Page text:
Weather in Guadeloupe Islands
Water in Guadeloupe Islands
Scuba Instructor and Writer at DIVEIN.com
Each of the five islands have a unique atmosphere and stunning landscape.
Quick note: When you go, make sure to split your time up between the islands.
The country has over 150 miles of pristine coastline. The whole archipelago is comprised of over a dozen small islands surrounded by warm twinkling water and stunning jungles covering the mountains. Travellers flock to this island nation to get away from the stress of city life and to experience the beauty of the Caribbean Sea.
Scuba Diving in Guadeloupe
One of the main reasons to travel to these isolated and wild islands of Guadeloupe is to scuba dive. Jacques Cousteau himself considered the dive spots around pigeon island to be one of the best in the world. The dive sites around the archipelago vary greatly in diversity, and diver levels. You will be able to find dive sites suitable for open water, or more advanced levels.
A divers note: Keep in mind that French is the national language of this island nation and finding a dive guide who speaks English may be a little challenging. So, when you are booking your dive trip, enquire about the languages they offer.
The 15 Best Dive sites in Guadeloupe Islands?
Sort this list to fit your scuba level and wishes
- Coral Reef
- Pelagic Fish
- Artificial Reef
- Macro Photography
- Dive Training
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La Grotte Aux Baracudas
The most iconic dive site in Guadeloupe is the Grotte aux Baracudas that is a gorgeous blue cave. It has become the home to a massive school of barracudas who swirl around in the blue. The depth makes this dive site an advanced spot and ideal for any experienced divers to witness the underwater wonder.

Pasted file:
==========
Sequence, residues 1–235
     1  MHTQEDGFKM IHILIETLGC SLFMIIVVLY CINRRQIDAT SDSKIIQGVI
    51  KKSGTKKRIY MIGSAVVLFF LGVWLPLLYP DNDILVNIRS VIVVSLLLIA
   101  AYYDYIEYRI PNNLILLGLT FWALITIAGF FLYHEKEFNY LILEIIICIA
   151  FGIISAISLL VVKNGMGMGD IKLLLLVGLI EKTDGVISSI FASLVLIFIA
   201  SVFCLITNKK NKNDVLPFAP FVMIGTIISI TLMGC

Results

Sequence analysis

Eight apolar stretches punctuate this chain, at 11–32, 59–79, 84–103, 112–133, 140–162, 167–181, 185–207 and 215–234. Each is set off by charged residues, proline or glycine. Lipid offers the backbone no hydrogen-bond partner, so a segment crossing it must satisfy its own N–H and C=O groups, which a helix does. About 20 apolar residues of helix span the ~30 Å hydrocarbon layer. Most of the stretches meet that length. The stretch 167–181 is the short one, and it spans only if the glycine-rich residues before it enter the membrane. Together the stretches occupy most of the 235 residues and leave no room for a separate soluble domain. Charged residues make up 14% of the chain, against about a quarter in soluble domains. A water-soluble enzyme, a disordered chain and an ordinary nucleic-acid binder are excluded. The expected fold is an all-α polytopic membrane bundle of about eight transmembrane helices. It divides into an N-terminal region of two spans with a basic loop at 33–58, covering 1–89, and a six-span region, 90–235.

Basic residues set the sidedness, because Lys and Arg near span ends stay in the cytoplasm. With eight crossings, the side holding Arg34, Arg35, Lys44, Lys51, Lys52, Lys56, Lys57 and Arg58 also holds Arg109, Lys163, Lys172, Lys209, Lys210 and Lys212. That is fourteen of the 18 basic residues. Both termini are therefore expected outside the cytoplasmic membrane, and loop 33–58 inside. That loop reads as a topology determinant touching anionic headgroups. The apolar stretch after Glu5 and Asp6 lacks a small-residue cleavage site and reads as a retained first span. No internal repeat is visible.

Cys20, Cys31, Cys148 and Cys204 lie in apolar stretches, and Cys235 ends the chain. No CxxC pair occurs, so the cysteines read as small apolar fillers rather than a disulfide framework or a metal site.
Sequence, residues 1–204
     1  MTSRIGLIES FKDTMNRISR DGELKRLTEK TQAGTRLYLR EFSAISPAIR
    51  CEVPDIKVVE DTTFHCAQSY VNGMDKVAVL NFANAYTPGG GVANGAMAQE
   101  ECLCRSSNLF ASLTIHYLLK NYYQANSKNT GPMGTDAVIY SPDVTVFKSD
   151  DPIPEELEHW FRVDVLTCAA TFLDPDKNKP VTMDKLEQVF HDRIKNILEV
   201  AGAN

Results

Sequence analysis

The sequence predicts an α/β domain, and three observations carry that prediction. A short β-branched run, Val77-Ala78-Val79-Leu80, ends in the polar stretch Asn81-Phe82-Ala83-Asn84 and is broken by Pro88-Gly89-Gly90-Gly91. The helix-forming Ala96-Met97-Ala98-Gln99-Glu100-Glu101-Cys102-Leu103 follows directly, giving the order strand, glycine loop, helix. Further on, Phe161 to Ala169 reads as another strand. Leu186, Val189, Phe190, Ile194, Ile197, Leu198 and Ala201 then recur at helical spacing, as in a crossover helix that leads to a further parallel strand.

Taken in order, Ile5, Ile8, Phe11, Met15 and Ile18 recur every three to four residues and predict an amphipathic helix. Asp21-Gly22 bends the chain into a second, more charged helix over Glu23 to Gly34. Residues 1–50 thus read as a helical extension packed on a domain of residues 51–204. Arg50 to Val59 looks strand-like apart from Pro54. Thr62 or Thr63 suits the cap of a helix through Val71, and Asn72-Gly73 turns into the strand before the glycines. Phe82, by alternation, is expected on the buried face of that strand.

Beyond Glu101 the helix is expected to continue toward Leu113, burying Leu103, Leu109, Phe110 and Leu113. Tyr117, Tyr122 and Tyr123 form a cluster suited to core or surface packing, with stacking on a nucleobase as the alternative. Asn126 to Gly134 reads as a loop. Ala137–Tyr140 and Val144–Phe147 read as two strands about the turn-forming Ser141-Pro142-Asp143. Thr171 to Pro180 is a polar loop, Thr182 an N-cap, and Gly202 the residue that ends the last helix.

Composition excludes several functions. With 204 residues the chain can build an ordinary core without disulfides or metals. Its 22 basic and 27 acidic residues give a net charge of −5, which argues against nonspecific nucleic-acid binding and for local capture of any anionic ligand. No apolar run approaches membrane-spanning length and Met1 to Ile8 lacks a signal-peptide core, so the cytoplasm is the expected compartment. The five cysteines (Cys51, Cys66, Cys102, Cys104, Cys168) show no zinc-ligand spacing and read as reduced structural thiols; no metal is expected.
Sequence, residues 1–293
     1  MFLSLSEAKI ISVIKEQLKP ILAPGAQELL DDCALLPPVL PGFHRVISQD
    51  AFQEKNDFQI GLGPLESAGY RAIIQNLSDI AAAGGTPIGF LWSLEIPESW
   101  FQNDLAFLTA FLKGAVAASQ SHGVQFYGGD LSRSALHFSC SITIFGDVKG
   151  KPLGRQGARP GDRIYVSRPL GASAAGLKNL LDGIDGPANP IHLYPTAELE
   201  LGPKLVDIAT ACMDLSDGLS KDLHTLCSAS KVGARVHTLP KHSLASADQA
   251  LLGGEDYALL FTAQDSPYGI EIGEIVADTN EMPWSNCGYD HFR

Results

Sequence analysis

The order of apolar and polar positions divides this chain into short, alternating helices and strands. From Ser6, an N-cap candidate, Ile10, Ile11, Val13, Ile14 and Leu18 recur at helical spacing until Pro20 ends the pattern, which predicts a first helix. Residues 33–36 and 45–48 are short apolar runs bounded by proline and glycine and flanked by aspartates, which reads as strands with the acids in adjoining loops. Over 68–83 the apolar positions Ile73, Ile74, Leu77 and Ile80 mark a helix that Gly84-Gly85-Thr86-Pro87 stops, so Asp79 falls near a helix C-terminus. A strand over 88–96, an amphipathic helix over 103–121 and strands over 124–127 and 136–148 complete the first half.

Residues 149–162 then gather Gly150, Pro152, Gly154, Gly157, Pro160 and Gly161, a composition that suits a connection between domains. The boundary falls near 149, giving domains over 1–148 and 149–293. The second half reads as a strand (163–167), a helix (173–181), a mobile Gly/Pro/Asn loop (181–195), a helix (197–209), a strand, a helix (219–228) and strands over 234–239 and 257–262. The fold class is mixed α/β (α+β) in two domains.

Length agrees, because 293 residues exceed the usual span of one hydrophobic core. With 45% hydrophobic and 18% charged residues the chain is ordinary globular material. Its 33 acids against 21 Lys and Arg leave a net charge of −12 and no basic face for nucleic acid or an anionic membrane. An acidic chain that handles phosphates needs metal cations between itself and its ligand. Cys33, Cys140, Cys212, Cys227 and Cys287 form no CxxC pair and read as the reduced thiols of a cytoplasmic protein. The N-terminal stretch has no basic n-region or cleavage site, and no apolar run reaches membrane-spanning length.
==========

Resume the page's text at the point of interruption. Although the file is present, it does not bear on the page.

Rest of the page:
- One of the favorite dive spots of Jacques Cousteau
- Features plenty of Barracudas
- Great spot to see invertebrates
What you will see: Apart from the iconic barracudas, you will also have the chance to spot spiny lobsters and other crabs hiding in the cracks and cervices in the cave. There are also plenty of starfish, and other invertebrates camouflaged in the dark. There are also moray eels, frogfish, reef fish, and rays.
The 173 ft Augustin Fresnel ii was originally a lighthouse ship that was assignment to the center of Pointe a Pintre during the early 1990s. It was placed there to keep the area safe during the maintenance of the buoys in Antilla and Guyana. During a hurricane season, it was however moved to Guadeloupe and sunk at a depth of 82 ft in 2003. A particularly strong hurricane, Hurricane DEAN pushed the whole wreck deeper into 108 ft. It is now a spectacular artificial reef, and a great spot for advanced and wreck specialty divers.
- A deep dive site for advanced divers
- Is a home to two large groupers
- Purposefully sunk for scuba divers and scientific divers
What you will see: The wreck has attracted plenty of species to it. There are groupers, tunas, barracudas, and sting rays that can be frequently seen on dives. The metal structure itself has been colonized by coral growths and provides divers a fantastic backdrop to a unique and safe dive. Enjoy your dive through the hundreds of swallowtail perch swarming around.
This dive site can be spotted from above the surface as a little patch of dry land rising from the water. The drop off from the surface features plenty of sponges, and a gradual descent to 130 ft where the drop off is drastic. Bouillante is well known for its volcanic and geothermal activity, that makes this a fascinating dive site featuring hot springs bubbling from the seabed.
- Geothermal activity causes hot springs to bubble from the seabed
- Deep dive for advanced divers
- Unique topography and marine life can be found here